[First Transatlantic Telegraph Cable] The Ocean Cable. [caption title]
Poetical 1908 keepsake commemorating the 50th anniversary of the laying of the first transatlantic telegraph cable in 1858. First composed in 1858, this biblically-themed poem references the books of Deuteronomy and Job. The poem echoes the tone of first communication sent via the underwater cable by Britain’s Queen Victoria to U.S. President James Buchanan: “What hath God wrought?”
The poem’s author and New York architect Alfred J. Bloor, lauds the cable’s marvelous ability to bridge “...the old world to the new…”
A 1-page note prefacing the poem recounts the early history of the transatlantic cable and praises its chief American backer, businessman and financier Cyrus W. Field (1819–1892) of New York. Bloor reminiscences upon the news of the cable’s success: “Outside there was much rejoicing and celebrating in the way of processions, bell-ringing, steamers whistling, fire-works, bonfires, and illuminations…”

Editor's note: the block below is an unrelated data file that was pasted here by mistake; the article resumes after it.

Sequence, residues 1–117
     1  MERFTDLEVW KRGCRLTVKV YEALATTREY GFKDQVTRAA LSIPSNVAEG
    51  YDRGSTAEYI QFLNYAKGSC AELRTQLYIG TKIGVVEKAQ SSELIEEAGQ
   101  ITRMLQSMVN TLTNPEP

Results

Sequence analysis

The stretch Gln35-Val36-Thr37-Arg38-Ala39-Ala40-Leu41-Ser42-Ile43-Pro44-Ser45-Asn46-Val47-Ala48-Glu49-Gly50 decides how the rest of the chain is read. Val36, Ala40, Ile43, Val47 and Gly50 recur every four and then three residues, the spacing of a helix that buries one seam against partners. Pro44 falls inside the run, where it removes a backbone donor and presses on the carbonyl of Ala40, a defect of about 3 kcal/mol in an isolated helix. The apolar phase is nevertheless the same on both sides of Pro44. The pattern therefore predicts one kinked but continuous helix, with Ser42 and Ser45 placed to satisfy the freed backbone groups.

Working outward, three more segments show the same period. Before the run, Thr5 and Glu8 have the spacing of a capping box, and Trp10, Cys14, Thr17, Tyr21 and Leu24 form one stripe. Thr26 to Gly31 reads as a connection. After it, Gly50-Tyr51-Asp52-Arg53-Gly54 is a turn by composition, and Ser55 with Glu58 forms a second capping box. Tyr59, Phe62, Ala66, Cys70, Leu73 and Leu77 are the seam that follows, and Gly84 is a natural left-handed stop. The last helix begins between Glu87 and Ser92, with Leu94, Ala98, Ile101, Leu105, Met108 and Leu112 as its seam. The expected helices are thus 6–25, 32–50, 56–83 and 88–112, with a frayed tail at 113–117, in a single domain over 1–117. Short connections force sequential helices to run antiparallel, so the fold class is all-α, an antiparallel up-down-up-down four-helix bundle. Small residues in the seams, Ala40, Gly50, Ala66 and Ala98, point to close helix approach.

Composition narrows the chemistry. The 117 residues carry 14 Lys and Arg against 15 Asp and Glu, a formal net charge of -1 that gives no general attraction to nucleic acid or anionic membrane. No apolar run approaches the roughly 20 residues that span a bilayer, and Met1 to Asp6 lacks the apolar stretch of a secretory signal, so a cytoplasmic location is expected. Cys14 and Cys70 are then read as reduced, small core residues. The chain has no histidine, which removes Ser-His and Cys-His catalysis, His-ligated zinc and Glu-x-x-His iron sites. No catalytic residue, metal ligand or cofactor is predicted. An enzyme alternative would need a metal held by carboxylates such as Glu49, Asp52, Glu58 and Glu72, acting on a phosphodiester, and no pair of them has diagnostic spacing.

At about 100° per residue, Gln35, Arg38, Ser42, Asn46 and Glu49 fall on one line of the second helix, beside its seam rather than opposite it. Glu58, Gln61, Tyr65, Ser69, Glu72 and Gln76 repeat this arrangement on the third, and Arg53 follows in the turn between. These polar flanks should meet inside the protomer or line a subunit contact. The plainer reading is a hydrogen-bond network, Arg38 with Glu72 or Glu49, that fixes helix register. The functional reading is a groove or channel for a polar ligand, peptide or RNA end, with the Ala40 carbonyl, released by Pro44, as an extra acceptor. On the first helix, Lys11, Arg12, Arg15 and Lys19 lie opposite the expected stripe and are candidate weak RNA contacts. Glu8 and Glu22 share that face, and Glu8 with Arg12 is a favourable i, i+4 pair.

The “Note” suggests that while the 4½-page poem was composed in 1858 it was not actually put into print until the publication of this keepsake in 1908. Apparently unrecorded. A cursory search by us does not locate the poem or any references to it. First separate or only printing?
Description: [First Transatlantic Telegraph Cable] The Ocean Cable. [caption title]
[America. np, 1908]. pp. 8½ x 5¾ inches. Bifolium with tipped-in leaf. Folds; light foxing; very good.
Refs. Bloor, A. J. (Alfred J.), 1828-1917. - Social Networks and Archival Context accessed online. Brown, ed., Valentine’s Manual of the City of New York 1917-1918 (New York, 1917), p324.